All of the fitness centers, yoga studios and the like are closed, and may be for awhile longer. This has forced people to tackle their wellness completely at home. Many instructors and coaches have moved to an online platform (myself included), which has both pros and cons. One con I didn’t mention in last week’s post is the lack of props.
Why do we need props? Sure, classes can be done without props, but they do provide many benefits:
- Assist with relaxation
- Help with alignment (especially if there are physical limitations)
- Provide support
- Deepen stretch
- Prevent injuries
- Change in perspective
There is a bit of stigma attached to props and I don’t understand why; I’ve always been an advocate for the use of props. In my in-person classes, I encourage students to grab all of the props available, because even if I don’t have a specific use for one, the student may find it helpful. Props allow you to customize your practice to YOU!
If you’re committed to your at-home yoga practice, I encourage to purchase some props. Most props are pretty inexpensive. If you’re not ready or able to get the real things, I’ll give you some ideas of items you already have that can be used as a substitute.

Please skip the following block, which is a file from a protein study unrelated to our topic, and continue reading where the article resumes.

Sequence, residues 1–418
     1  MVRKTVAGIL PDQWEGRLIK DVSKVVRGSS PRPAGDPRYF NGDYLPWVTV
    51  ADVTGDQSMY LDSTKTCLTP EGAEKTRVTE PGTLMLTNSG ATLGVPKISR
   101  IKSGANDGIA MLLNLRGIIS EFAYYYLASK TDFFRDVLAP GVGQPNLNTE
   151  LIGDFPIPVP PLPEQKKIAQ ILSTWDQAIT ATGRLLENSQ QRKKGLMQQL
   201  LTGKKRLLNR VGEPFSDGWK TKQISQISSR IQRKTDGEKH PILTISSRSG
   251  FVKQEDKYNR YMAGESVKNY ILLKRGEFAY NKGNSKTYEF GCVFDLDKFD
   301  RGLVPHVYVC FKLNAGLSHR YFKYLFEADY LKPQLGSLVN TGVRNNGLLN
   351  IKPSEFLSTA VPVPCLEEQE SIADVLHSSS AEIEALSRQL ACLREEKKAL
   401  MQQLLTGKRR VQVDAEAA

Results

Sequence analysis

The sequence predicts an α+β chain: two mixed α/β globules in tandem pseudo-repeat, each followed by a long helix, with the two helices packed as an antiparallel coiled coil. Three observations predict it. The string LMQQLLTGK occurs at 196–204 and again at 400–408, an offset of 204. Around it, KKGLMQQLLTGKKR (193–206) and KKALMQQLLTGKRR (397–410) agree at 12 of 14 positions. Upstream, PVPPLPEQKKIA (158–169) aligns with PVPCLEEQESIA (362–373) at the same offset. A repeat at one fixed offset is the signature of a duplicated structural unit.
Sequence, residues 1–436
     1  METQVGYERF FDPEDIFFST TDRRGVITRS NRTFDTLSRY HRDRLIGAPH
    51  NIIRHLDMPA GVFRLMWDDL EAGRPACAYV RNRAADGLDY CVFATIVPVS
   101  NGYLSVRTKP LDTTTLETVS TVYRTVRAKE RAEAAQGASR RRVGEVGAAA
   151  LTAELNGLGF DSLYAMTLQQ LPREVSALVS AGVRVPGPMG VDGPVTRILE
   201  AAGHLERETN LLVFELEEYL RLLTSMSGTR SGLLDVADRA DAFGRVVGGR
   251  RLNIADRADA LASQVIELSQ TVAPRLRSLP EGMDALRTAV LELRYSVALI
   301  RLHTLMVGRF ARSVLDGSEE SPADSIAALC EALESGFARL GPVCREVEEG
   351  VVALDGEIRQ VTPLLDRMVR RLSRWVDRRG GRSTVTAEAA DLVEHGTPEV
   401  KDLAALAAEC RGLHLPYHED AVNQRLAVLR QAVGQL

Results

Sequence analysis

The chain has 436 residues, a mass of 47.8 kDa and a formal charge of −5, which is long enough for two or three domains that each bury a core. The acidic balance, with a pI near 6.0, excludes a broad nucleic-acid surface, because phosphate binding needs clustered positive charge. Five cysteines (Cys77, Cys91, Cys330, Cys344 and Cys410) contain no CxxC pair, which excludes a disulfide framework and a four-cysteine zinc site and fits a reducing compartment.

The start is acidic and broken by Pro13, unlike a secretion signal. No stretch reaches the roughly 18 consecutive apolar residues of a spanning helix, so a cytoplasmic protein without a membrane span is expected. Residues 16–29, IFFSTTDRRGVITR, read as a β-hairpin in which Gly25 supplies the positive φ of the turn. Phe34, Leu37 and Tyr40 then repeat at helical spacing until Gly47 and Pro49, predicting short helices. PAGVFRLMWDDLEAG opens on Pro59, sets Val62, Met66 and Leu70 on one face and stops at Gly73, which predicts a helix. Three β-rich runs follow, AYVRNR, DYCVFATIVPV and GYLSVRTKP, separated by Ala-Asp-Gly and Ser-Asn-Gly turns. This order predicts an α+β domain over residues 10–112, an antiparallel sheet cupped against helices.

I like to use two blocks in my classes, one for each hand. Some poses these can really come in handy for are runner’s lunge, warrior 3, camel. Blocks can also make it easier to step a foot in between your hands from your downward dog. If you don’t have blocks, you can also use a stack of books. You may want to tie them together so they don’t slip.
Straps can act as an extension of your arm. Can’t touch your toes in a seated forward fold? Use a strap! Can’t connect your hands for a bind? Use a strap. I think you get where this is going. I hear over and over, “I’m not flexible enough to do yoga.” Which is absolutely crazy! How are you ever going to get flexible enough without doing the very poses that will help your flexibility? No strap? No problem! Use a belt, rope or tie!
The ultimate comfort prop? A bolster. I often incorporate the use of a bolster in my yin, restorative, meditation and yoga nidra classes. Any time you’ll be holding a pose for a length of time, you’ll want a bolster to give you the support you need to be able to fully relax. Place it under your knees during savasana to support the low back, under your head/chest/stomach in child’s pose to relax the upper body or under your forearms in puppy pose to deepen the stretch of the shoulders. Bolsters can differ greatly: soft or firm, rectangular or round, short or long. Pick which one fits your needs best! Bolsters can be a bit more pricey than other yoga props, so if you aren’t ready to purchase one, use a firm pillow or cushion instead.
Comment below with your favorite yoga prop, purchased or a creative substitute. If you have any questions or want help selected the best props for you, let me know!